Charities should 'review constitutions' before government act expires, legal expert advises

Organisations should take advantage of relaxed board and AGM guidance before the measures expire on 30 September

Charities should take advantage of relaxed laws around board and general meetings, or enact compliance measures, as soon as possible to ensure there are no future governance issues when the provisions end next month, a legal expert has advised. 

Speaking to Third Sector, Nicola Evans, charities counsel at the law firm BDP Pitmans, warned organisations must not “bank on the government deciding to extend the 30 September deadline” for postponing AGMs and relaxing rules around general meetings. 

The Corporate Insolvency and Governance Act 2020 received royal assent on 25 June this year, as part of the government’s emergency response to Covid-19. 

The act allows some charities to hold board and members meetings virtually, even if the organisations' constitutions do not permit it, and includes a relaxing of some corporate governance laws to help organisations deal with the challenges of meeting during the coronavirus pandemic. 

It applies to charitable companies, charitable incorporated organisations and community benefit societies, but not to unincorporated organisations.

As well as letting members to attend meetings virtually, flexibility under the act allows for meetings that do not have to be held in a specific physical location, even if a charity’s governing document says that they should be. 

It also permits votes to be placed electronically or in a way different from that set out in that charity’s constitution. 

In addition, any organisation that was required by its constitution to hold an AGM during the crisis would be able to postpone the meeting until as late as September if necessary.

In June, Third Sector reported that the Charity Commission had updated its guidance after the act received royal assent.

The regulator said that “coronavirus is having a major impact on charity events and the government’s health advice may lead to some charities having no choice but to decide to cancel or postpone their AGMs and other critical meetings”.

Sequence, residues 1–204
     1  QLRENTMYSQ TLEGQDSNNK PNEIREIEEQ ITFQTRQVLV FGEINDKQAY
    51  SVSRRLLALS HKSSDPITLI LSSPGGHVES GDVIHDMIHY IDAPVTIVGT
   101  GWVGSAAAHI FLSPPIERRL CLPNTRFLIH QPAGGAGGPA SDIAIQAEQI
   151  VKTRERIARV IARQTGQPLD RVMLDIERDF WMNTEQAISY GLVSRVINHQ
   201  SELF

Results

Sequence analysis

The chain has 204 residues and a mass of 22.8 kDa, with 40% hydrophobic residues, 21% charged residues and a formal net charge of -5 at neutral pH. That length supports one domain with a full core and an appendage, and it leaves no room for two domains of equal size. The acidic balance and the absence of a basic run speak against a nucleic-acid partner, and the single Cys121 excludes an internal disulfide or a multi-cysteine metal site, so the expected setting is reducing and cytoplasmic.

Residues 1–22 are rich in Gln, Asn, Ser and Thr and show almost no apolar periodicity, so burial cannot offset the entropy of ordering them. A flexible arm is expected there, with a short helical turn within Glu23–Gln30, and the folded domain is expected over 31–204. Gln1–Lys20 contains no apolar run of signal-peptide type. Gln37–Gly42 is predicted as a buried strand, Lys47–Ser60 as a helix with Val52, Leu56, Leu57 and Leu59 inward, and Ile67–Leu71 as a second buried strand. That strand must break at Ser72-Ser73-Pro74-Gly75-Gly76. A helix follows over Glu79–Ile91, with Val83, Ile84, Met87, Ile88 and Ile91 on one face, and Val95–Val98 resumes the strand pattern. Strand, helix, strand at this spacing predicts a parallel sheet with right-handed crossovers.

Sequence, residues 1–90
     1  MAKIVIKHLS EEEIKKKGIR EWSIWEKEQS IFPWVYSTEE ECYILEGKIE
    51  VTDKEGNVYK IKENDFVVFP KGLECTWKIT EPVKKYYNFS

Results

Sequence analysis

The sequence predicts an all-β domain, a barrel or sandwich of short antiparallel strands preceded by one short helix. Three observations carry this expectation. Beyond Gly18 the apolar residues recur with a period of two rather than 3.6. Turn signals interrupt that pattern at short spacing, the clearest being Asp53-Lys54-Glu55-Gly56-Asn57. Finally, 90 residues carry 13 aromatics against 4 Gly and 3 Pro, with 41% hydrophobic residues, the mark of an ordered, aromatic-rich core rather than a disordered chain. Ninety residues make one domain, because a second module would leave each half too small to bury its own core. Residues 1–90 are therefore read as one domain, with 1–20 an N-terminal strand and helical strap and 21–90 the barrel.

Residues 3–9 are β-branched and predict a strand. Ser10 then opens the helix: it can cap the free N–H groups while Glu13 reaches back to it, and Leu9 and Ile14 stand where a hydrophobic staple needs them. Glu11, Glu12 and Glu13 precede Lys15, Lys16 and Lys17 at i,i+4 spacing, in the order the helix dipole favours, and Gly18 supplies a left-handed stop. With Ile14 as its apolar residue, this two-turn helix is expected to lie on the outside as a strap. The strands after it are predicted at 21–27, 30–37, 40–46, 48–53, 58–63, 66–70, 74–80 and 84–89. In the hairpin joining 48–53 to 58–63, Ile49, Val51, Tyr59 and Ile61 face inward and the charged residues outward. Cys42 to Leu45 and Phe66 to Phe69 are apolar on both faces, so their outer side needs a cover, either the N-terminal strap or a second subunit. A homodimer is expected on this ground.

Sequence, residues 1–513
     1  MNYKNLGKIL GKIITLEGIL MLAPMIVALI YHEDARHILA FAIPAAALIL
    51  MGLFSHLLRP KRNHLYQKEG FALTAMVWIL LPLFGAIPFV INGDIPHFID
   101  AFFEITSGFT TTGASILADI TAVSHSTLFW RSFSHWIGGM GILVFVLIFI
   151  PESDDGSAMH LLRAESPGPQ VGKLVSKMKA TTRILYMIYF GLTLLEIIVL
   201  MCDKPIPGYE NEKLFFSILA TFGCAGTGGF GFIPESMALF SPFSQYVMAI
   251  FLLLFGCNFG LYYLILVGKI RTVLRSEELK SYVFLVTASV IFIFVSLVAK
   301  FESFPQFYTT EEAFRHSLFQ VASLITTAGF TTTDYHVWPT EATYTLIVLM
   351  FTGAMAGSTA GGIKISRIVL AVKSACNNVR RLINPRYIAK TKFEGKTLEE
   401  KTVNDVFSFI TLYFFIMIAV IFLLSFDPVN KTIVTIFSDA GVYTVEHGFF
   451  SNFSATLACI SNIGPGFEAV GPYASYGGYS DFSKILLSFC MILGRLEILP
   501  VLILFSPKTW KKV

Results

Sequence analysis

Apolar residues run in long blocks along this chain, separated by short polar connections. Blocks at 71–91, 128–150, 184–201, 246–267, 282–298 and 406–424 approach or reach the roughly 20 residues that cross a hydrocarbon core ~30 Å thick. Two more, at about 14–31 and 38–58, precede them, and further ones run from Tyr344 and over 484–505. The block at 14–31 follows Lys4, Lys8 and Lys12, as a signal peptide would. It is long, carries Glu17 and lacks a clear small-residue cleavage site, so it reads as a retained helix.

Its latest guidance also explained that temporary changes “make it lawful for charitable companies and charitable incorporated organisations to postpone members’ meetings or to hold them remotely, even if this is not allowed by the charitable company’s articles of association or the CIO’s constitution”. 

Some charities that have clauses in their governing documents that allow them to meet virtually or over the phone, are advised to record any decisions made in this way “to demonstrate good governance of your charity”.

In addition, it asked trustees “to check their governing document and see if they can make amendments themselves to facilitate changes as to how or when meetings are held”.

The guidance applies to any AGMs that were due to be held between 26 March and 21 August, temporarily overriding the timing requirements in a charity’s governing documents.

However, the measures under the act expire on September 30, unless the government believes an extension is necessary.

Evans is concerned that charities who have not yet made use of these provisions should check and review their constitutions as soon as possible.

“There are so many unknowns at the moment, including how long we will need social distancing and where or when any wider lockdown may be put in place," she said.

"We also cannot bank on the government deciding to extend the 30 September deadline for postponing AGMs and relaxing the usual rules for general meetings.

“Charities that can take advantage of these provisions should review their constitutions now to see if they need more flexibility in there to help them operate in the months ahead. 

"If so, they can take the opportunity to put changes to the members now in compliance with the relaxed regime. If they wait, the risk is that they lose that chance and give themselves governance problems further down the line.”

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